Can Smart TV Technology Enhance the Over-the-Top Video Landscape?

Despite the fact that over-the-top video streaming already accounts for an impressive amount of bandwidth usage in the United States, the technology is far from reaching saturation with the population.  The influx of various services with varying business models in a relatively short period of time, plus the new partnerships being formed such as Verizon/Redbox, indicate that there is still a stake to be claimed in the market.

While starts and stalls have been disappointing, especially when it comes to the available content libraries of these services, often dictated by the entertainment industry that demands to live in the past, the transition will most likely take place to predominantly on-demand model of entertainment consumption.

Mobile Devices Will Partially Drive OTT Growth

One need not peer into a crystal ball to understand that mobile devices are, and will continue to be, a hot commodity, and that accommodating wireless traffic fueled by video consumption will be key.  But the real issue holding us back from transitioning to an entirely new way of consuming video entertainment is the issue of integrated access.  We have access to various streaming players and other devices capable of supporting various OTT platforms.  But what we are missing is something to pull our entertainment together as a central focal point in our lives, marrying entertainment, commerce and social media together in one enjoyable, interactive experience.

But . . . Smart TV Will Facilitate Widespread OTT Video Adoption

One related technology poised to explode on the marketplace, barring a sluggish economy and a budget-minded populace, is Smart TV.  And what an impact it will make on our collective lives with its integrated media capabilities.   Either through apps pre-added into the operating system, or selected by consumers and loaded onto the TV after-the-fact, the next generation of television will transition entertainment from a passive into a more active experience.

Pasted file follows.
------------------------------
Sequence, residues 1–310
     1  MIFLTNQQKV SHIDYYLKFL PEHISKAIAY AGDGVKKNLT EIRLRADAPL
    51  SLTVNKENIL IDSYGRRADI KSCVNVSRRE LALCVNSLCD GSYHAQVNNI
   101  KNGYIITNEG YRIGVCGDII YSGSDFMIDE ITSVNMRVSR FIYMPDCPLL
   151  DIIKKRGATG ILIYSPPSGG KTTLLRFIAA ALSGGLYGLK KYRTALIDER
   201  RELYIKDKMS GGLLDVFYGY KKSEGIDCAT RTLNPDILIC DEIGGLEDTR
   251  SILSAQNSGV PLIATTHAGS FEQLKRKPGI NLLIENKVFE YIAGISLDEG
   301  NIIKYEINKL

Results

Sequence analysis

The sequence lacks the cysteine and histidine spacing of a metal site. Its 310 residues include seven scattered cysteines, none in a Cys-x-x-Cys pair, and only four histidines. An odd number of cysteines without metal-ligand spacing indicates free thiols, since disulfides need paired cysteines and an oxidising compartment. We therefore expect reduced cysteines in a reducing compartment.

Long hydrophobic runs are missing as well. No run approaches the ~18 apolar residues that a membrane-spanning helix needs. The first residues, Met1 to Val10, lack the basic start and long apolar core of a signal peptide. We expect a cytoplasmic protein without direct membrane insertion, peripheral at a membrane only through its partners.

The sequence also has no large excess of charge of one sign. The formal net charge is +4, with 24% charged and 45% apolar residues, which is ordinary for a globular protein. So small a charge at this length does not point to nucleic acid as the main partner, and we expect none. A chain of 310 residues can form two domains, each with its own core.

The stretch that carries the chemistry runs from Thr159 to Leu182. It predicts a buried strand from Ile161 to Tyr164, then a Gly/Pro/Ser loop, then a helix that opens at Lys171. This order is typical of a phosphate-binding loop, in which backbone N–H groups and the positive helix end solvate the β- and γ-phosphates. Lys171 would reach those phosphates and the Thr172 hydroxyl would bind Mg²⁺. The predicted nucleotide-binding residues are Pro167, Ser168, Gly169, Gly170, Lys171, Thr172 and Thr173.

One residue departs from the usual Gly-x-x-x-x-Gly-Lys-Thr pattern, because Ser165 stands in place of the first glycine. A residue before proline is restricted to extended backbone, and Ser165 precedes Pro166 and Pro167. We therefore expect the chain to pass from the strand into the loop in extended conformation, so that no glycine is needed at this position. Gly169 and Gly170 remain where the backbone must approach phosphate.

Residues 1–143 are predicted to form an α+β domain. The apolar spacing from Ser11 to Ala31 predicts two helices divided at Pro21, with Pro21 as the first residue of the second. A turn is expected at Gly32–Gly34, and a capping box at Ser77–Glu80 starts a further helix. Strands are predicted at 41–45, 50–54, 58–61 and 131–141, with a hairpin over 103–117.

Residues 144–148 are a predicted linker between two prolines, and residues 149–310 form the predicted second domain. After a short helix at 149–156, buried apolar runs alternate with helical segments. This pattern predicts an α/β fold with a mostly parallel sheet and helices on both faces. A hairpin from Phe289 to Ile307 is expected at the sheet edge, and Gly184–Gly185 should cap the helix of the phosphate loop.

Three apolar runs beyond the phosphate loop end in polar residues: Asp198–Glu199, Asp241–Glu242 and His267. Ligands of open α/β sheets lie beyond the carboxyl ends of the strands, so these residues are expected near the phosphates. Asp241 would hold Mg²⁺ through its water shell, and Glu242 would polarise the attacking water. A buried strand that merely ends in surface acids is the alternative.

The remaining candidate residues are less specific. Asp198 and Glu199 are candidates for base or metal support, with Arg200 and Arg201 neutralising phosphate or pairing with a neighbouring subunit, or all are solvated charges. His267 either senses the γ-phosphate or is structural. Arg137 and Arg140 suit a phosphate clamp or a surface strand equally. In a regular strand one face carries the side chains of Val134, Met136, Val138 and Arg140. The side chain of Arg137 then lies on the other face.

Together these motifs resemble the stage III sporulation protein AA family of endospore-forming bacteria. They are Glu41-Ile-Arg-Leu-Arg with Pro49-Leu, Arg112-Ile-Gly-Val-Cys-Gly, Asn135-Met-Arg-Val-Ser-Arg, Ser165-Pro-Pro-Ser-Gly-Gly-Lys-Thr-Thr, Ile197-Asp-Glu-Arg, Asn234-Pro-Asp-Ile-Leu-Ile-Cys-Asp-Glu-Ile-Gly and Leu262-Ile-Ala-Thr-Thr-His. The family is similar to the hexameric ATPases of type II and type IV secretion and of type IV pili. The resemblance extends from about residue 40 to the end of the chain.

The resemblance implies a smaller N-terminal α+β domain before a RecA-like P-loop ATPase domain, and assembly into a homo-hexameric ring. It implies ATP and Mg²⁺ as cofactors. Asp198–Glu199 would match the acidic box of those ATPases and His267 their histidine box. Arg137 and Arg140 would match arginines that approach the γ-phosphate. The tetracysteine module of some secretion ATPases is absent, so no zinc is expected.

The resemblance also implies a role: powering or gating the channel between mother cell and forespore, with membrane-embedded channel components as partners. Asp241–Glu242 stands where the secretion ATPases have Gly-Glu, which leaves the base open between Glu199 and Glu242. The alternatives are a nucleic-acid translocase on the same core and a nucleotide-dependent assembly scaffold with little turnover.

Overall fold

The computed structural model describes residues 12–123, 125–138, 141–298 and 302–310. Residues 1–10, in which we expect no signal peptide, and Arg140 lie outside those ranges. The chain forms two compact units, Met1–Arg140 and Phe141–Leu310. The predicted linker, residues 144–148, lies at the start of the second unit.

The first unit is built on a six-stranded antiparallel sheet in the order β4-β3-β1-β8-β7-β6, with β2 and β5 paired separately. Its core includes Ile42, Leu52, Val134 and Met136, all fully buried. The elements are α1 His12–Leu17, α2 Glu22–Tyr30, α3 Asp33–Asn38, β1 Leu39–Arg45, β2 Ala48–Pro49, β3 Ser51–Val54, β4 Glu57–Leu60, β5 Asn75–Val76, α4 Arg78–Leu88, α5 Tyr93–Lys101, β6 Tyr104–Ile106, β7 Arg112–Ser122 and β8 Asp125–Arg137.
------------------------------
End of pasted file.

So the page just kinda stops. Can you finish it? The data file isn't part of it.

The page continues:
Your Smart TV will scrutinize your habits and anticipate your interests through various data mining efforts already taking place by entities such as Facebook, Google and YouTube.  It will facilitate search in a variety of unique ways, including noting what your online friends are watching and recommending, so you can join in on watching content that others are chatting about, and get in on the conversation.

You will even be able to command search with voice recognition technology, or browse video snippets served up for consumption as if at a smorgasboard.

Advertisements Served Up Will Be For Products You Care About

Your purchasing habits, along with your viewing habits, will be combined in an integrated fashion to keep you informed about products and services that fit in with your lifestyle and preferences.  You and your friends can also inform each other about what you’re passionate about, and what you’re spending your money on.  Word of mouth advertising will be taken to a new level.

Recent Attempts at Smart TV Technology Have Been Disappointing

So why is this prediction any different than in recent years?  In a word, Apple.  Something new needs to be added to both the operating systems and the apps available on the current batch of connected TV offerings, which really do not resemble what this article has outlined.  Could this technology simply not be ready for prime time?  Apple will most likely dictate that.  The next 18 months will be quite telling.


Anne Madison enjoys researching technology, especially related to the streaming services arena.

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